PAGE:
- It’s always better to face the truth, no matter how uncomfortable, than to continue coddling a lie.
- Ability is what you’re capable of doing. Motivation determines what you do. Attitude determines how well you do it.
- If what you did yesterday seems big, you haven’t done anything today.
- I’ve never known anybody to achieve anything without overcoming adversity.
- Life is ten percent what happens to you and ninety percent how you respond to it.
- Nothing will work unless you do.
- Ability may get you to the top, but it takes character to keep you there.
- A coach is someone who can give correction without causing resentment.
- Make sure that team members know they are working with you, not for you.
- Things turn out best for the people who make the best of the way things turn out.
- As long as you try your best, you are never a failure. That is, unless you blame others.
- Be most interested to find the best way; not in having your own way.
- Be slow to criticize and quick to commend.
- Big things are accomplished only through the perfection of minor details.
- Don’t let what you cannot do interfere with what you can do.
- Everything we know, we learned from someone else!
- Failure is not fatal, but failure to change might be.
- If you don’t have time to do it right, when will you have time to do it over?
- If you’re not making mistakes, then you’re not doing anything. I’m positive that a doer makes mistakes.
- Never mistake activity for achievement.
- The most important key to achieving great success is to decide upon your goal and launch, get started, take action, move.
- Nobody who ever gave his best regretted it.
- You’re never a loser until you quit trying.
Leroy Satchel Paige
- You win a few, you lose a few. Some get rained out. But you got to dress for all of them.
- Coaches have to watch for what they don’t want to see and listen to what they don’t want to hear.
- Self-praise is for losers. Be a winner. Stand for something. Always have class, and be humble.
- Excellence happens when you try each day to both do and be, a little better than you were yesterday!
- Gettin’ good players is easy. Gettin’ em to play together is the hard part.
- Hard work and togetherness. They go hand in hand. You need the hard work because it’s such a tough atmosphere….to win week in and week out. You need togetherness because you don’t always win, and you gotta hang tough together.
Paul “Bear” Bryant
- If anything goes bad, I did it. If anything goes semi-good, then we did it. If anything goes really good, then you did it. That’s all it takes to get people to win football games.
- In a crisis, don’t hide behind anything or anybody. They are going to find you anyway.
- Little things make the difference. Everyone is well prepared in the big things, but only the winners perfect the little things.
- If you don’t know where you are going, you might wind up someplace else.
- It ain’t over till it’s over.
- My responsibility is leadership, and the minute I get negative, that is going to have an influence on my team.
- The difference between the impossible and the possible lies in a man’s determination.
- I believe managing is like holding a dove in your hand. If you hold it too tightly you kill it, but if you hold it too loosely, you lose it.
- The only way to get people to like working hard is to motivate them. Today, people must understand why they’re working hard. Every individual in an organization is motivated by something different.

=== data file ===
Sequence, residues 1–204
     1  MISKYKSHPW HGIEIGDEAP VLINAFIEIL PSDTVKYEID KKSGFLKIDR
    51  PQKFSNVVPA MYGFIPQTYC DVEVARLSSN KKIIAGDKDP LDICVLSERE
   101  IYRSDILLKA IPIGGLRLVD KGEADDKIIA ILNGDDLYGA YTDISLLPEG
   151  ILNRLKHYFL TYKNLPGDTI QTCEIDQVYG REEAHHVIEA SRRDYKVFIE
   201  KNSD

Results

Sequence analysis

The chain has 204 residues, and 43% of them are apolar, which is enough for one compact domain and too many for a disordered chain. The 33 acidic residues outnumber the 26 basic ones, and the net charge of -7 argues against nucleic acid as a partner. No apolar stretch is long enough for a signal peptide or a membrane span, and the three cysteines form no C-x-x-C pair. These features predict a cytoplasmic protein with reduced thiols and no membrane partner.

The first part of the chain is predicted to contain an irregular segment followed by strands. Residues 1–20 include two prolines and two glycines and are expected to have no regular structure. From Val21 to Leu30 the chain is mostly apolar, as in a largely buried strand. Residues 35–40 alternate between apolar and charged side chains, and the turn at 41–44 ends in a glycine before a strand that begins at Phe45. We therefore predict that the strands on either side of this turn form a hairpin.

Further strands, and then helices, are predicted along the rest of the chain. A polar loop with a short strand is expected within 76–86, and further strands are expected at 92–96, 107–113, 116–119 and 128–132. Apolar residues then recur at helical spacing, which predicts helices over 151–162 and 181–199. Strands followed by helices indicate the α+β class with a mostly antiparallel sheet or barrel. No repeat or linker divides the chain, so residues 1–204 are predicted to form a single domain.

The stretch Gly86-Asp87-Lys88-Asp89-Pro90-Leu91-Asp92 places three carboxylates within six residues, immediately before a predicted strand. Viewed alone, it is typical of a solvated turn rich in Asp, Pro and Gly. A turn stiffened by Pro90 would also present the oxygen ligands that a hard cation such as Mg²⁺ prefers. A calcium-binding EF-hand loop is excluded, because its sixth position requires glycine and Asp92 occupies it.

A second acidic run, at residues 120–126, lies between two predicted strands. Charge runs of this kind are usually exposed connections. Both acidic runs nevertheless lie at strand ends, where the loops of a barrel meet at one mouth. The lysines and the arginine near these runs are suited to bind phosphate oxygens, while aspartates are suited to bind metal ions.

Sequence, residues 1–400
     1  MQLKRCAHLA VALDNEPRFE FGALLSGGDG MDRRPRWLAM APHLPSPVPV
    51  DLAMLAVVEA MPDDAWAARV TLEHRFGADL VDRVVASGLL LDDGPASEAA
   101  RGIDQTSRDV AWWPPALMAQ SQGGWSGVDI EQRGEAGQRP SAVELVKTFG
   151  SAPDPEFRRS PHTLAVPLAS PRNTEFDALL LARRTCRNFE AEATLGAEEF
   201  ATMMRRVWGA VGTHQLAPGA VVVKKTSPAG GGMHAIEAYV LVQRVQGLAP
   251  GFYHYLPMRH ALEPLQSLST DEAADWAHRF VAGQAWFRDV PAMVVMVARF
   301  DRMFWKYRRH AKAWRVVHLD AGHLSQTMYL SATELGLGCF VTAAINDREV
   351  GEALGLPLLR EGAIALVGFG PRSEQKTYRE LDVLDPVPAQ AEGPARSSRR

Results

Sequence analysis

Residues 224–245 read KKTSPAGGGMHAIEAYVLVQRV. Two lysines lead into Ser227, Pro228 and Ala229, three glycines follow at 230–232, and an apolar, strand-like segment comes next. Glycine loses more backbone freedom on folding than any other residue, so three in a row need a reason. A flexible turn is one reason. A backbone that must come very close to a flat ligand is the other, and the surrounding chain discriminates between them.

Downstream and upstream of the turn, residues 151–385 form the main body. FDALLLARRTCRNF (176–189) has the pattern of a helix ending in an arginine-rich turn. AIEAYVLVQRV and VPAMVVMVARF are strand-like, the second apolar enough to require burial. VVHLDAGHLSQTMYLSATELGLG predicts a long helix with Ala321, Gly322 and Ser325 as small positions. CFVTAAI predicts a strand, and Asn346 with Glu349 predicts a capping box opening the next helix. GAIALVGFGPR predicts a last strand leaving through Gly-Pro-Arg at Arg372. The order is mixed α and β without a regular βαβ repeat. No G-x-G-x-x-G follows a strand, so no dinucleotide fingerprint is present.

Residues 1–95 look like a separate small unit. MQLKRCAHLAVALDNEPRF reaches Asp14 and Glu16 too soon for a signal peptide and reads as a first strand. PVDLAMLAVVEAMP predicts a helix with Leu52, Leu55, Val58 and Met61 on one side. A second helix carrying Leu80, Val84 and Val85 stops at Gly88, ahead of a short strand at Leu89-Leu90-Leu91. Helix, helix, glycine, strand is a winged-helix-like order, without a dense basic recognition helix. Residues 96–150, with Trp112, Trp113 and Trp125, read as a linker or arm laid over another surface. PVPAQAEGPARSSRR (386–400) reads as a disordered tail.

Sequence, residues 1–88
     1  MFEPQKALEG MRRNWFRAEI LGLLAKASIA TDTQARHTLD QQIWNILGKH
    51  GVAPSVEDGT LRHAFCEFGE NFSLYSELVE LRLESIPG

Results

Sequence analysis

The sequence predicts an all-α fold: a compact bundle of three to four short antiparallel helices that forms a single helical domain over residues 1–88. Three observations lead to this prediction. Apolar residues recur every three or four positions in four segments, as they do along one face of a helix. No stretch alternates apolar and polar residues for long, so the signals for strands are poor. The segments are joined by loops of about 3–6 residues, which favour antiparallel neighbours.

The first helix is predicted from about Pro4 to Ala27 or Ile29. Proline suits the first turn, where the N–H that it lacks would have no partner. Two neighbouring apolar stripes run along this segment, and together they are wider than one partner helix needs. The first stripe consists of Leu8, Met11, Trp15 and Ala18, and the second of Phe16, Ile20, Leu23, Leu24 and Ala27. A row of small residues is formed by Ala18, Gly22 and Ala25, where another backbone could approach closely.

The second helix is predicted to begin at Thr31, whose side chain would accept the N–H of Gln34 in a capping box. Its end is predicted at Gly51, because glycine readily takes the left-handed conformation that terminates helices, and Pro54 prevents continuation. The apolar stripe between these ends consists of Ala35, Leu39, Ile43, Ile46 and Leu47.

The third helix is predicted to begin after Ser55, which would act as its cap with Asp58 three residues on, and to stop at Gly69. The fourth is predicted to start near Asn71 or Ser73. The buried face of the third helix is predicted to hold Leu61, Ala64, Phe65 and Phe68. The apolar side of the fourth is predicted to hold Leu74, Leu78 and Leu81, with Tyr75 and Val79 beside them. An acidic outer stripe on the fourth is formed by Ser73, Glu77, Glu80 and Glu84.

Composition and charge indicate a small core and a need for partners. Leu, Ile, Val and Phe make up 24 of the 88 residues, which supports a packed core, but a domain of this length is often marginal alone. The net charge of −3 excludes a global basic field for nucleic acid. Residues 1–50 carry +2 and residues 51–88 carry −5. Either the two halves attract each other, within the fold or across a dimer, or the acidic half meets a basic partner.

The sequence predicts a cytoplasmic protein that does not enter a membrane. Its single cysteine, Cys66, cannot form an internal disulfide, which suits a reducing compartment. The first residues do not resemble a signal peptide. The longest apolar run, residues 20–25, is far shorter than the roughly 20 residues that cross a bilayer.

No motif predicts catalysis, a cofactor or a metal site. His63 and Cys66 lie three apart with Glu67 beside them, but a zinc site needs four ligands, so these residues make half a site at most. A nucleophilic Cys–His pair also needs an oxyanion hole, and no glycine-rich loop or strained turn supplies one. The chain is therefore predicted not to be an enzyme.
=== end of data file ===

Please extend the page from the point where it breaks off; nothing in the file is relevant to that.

- The will to win is important, but the will to prepare is vital.
- You can’t make a great play unless you do it first in practice.
- Love is the force that ignites the spirit and binds teams together.
The above image is an unusual example of crepuscular rays. The name comes from their typical appearance during crepuscular hours (those around dawn and dusk), when the contrasts between light and dark are the most obvious. Crepuscular comes from the Latin word crepusculum meaning twilight.
A key component for crepuscular rays is the casting of a shadow. The shadow can be due to most anything, typically clouds. The result is sunlight broken into darkened areas (in the shadow) and lighted areas. The above image was attained prior to sunrise with the crepuscular rays caused by clouds below the horizon.
The visible beams always appear to spread out from the light source. In the above image the rays appear to diverge from the base of the silo. When I noticed the crepuscular rays forming, I changed my position allowing the rays to appear to be related to the farm buildings.
Our snow has finally melted in central Wisconsin. Farmers are plowing their fields, grasses are beginning to become a little green and trees are budding. A few of use have runny eyes and stuffy noses (tree allergies) but all of use have big smiles on our faces because winter seems behind us. I am sure mother nature still has a few cold weather surprises for us but spring is here.
I was contacted the other day by an intern with the UWSP Department of Music asking for permission to use an image from a previous blog post titled Michelson Hall – UWSP. My images are generally available without charge to local non-profit and educational organizations for promotional purposes. I am also delighted the intern asked for my permission to utilize the image. I am glad to know graphic arts students are taught to respect ownership of intellectual material. If you like his poster and want to contract for his services let me know, I can put the two of you in contact with each other.
If you are in the area, make sure to attend this concert. I heard some of the program at Soirée Musicale – a benefit for UWSP student scholarships. The concert is sure to please you.